These stings are not working; people will still go in there for their own personal, secret reasons. Surely most are aware of the rules (as I understand are posted throughout the establishments), and will not do anything that would normally get them arrested. But, playing the game has changed since the “Don” and “Deputy Sancho Panza” have started playing. Even if someone is in an adult establishment, exercising their fundamental First Amendment rights, they still may be charged with a crime they did not commit. We don’t know, because of the way the investigations are handled (i.e. not videotaped, too many people claiming false arrests, etc).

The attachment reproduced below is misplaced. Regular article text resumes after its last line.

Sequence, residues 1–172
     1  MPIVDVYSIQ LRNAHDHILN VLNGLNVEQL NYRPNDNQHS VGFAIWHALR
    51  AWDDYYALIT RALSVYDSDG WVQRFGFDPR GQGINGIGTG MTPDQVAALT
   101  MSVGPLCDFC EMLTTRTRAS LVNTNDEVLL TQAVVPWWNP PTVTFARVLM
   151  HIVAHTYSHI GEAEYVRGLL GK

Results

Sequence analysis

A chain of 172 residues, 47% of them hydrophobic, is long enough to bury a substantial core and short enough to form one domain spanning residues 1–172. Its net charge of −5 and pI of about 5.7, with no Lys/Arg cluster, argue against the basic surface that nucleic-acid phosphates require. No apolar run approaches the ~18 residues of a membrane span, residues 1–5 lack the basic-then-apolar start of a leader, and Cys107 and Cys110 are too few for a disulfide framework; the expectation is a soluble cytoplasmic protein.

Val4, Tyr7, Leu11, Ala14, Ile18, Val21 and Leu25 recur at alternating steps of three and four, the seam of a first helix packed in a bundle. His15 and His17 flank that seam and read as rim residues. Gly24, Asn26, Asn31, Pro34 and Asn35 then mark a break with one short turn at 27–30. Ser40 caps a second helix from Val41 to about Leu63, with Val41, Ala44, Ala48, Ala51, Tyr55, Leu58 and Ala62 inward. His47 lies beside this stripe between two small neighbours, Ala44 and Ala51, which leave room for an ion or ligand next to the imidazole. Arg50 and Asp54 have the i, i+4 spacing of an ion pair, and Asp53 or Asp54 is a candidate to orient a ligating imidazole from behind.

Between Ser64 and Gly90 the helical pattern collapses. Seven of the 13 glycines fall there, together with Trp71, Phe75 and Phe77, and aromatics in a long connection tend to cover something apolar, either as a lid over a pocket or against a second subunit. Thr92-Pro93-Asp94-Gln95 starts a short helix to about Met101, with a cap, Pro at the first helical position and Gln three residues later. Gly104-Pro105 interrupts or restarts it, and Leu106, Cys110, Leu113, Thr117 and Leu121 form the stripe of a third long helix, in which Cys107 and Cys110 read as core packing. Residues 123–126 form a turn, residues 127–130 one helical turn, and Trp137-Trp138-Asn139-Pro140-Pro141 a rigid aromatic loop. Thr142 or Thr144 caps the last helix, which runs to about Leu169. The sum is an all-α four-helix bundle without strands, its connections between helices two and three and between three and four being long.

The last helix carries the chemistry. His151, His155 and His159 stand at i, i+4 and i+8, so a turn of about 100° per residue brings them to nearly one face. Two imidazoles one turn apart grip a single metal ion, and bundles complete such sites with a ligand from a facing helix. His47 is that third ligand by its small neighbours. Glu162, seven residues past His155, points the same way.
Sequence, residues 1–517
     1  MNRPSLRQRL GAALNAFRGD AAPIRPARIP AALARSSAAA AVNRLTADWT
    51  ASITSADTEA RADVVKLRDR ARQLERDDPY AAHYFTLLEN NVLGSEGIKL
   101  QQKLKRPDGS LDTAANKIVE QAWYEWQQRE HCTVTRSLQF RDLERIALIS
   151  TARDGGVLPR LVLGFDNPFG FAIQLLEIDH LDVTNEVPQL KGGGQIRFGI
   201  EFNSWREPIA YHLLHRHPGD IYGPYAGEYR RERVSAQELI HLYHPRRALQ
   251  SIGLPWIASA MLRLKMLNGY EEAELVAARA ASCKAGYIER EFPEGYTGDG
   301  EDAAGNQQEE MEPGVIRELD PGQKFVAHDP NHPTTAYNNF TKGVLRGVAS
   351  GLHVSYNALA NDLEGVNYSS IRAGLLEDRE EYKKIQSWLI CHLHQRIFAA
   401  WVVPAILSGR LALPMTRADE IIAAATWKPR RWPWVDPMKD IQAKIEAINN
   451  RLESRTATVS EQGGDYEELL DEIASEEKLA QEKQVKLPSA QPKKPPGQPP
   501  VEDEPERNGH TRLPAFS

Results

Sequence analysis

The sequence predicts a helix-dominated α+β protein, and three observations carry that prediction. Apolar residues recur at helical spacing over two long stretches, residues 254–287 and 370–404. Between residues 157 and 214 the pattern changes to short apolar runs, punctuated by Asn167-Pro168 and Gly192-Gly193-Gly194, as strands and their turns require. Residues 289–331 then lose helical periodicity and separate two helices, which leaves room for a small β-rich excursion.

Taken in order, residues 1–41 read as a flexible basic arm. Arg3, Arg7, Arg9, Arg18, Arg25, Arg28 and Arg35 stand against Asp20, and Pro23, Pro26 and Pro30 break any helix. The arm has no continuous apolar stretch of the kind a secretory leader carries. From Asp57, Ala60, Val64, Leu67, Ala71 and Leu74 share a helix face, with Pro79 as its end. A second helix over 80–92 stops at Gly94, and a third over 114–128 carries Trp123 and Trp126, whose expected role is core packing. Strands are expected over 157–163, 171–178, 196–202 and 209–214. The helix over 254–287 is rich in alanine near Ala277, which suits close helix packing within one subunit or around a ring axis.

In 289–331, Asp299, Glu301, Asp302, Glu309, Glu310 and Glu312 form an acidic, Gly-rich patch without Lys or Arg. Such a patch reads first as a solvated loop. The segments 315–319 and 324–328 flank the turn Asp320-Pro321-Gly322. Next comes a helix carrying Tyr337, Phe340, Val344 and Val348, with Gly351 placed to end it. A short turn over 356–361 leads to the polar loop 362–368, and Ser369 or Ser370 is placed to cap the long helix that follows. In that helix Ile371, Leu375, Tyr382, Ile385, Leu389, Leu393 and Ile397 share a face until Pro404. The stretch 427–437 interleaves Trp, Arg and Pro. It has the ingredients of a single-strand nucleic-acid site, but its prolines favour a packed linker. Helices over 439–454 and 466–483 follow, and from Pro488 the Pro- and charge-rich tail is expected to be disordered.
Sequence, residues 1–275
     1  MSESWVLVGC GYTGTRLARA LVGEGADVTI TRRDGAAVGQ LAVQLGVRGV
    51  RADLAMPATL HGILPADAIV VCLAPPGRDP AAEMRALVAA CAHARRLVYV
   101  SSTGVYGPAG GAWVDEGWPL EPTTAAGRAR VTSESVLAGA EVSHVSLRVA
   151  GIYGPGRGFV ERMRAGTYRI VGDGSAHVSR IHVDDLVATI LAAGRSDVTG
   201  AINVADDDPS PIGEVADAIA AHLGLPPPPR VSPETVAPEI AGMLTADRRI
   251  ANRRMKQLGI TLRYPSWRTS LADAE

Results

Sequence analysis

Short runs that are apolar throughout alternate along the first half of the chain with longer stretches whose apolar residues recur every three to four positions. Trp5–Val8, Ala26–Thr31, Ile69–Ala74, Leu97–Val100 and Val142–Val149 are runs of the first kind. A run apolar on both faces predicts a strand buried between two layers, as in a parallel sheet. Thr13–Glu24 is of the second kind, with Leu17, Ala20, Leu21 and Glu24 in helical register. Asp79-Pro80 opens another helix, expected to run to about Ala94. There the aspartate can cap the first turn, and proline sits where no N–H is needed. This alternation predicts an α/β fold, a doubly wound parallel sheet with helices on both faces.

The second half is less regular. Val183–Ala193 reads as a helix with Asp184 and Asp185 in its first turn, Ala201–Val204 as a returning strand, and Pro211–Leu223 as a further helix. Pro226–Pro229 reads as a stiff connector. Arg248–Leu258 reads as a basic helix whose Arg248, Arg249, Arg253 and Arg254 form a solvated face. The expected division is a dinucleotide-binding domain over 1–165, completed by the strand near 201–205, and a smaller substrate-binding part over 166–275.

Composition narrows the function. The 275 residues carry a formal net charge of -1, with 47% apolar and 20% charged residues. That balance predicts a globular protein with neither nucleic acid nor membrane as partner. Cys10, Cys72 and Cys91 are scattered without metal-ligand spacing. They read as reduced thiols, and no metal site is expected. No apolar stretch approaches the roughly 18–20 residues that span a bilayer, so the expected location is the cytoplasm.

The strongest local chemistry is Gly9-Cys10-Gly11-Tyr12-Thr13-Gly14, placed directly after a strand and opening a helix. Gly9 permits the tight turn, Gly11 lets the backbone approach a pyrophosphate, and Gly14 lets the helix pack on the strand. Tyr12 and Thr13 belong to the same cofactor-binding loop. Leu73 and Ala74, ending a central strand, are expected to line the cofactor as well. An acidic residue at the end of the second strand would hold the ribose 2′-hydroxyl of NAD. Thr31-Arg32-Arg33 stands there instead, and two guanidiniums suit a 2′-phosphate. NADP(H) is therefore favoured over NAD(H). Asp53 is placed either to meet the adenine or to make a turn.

All we know for sure is that the First Amendment and the integrity of the criminal justice system have taken all abuse. And the cycle will continue, and nothing will be resolved.